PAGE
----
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Panera Bread to scrap all artificial additives on its menu


Panera Bread is continuing its quest to be one of the healthiest fast-casual chains in the United States. On Tuesday, the company announced that it will get rid of all artificial additives in its food — that means, say goodbye to artificial preservatives, sweeteners, colors, and flavors.

"I want to serve food that I want to eat," founder and CEO Ron Shaich told USA Today. Panera was one of the first establishments to stop using chickens raised with antibiotics 10 years ago, and also to post calorie counts in restaurants, leading experts to believe that other chains might follow this latest step. The company will also work to remove high-fructose corn syrup from beverages sometime in the near future.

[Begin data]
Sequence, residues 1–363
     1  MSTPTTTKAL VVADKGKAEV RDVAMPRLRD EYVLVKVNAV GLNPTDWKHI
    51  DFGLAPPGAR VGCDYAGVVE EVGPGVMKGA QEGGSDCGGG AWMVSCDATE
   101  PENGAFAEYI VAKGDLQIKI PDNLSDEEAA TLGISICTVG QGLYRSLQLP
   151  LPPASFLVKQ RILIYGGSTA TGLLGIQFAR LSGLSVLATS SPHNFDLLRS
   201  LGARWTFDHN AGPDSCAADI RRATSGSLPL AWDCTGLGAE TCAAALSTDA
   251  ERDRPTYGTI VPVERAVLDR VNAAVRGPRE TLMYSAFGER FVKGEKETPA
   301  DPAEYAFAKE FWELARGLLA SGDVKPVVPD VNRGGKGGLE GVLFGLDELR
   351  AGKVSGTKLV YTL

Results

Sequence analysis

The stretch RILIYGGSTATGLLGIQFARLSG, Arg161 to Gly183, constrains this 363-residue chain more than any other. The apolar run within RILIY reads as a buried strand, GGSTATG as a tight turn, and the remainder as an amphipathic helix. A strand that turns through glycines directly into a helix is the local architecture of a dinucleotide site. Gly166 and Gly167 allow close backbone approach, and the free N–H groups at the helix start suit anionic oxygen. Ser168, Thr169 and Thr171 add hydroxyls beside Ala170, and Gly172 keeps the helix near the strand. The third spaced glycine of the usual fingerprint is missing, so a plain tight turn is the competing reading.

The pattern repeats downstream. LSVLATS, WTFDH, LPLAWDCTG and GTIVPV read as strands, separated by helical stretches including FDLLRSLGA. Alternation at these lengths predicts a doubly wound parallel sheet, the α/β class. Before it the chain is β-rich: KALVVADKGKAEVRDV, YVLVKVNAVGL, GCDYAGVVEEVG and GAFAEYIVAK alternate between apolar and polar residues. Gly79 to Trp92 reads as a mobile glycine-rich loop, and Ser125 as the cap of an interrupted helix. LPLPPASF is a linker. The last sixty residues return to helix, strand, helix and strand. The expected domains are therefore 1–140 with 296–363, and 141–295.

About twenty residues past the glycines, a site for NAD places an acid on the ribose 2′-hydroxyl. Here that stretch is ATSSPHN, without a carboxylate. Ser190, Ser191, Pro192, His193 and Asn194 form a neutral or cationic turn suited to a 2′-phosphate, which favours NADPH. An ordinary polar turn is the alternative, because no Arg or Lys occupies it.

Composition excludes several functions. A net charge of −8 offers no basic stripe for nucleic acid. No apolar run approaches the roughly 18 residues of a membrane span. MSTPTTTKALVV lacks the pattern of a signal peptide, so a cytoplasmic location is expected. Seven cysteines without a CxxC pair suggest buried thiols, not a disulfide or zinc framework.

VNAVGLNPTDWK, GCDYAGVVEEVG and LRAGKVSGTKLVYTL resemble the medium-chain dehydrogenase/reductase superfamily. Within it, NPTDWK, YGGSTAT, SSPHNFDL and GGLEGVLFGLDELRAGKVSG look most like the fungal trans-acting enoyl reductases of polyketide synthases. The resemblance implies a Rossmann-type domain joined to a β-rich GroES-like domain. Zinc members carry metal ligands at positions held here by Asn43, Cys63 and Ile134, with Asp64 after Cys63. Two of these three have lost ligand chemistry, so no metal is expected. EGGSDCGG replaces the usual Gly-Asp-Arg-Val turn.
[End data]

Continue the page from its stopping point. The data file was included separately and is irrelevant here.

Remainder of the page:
Although Panera will no longer serve roast beef with caramel color, summer corn chowder with maltodextrin, and smoked turkey with sodium nitrate, "these changes don't turn Panera into a health food emporium," says Michael Jacobson, executive director at the Center for Science in the Public Interest. Most breads are still made with white flour, he noted, and the baked goods are filled to the brim with sugar. Nonetheless, "Panera's intention to eliminate artificial food additives is an important step in the right direction."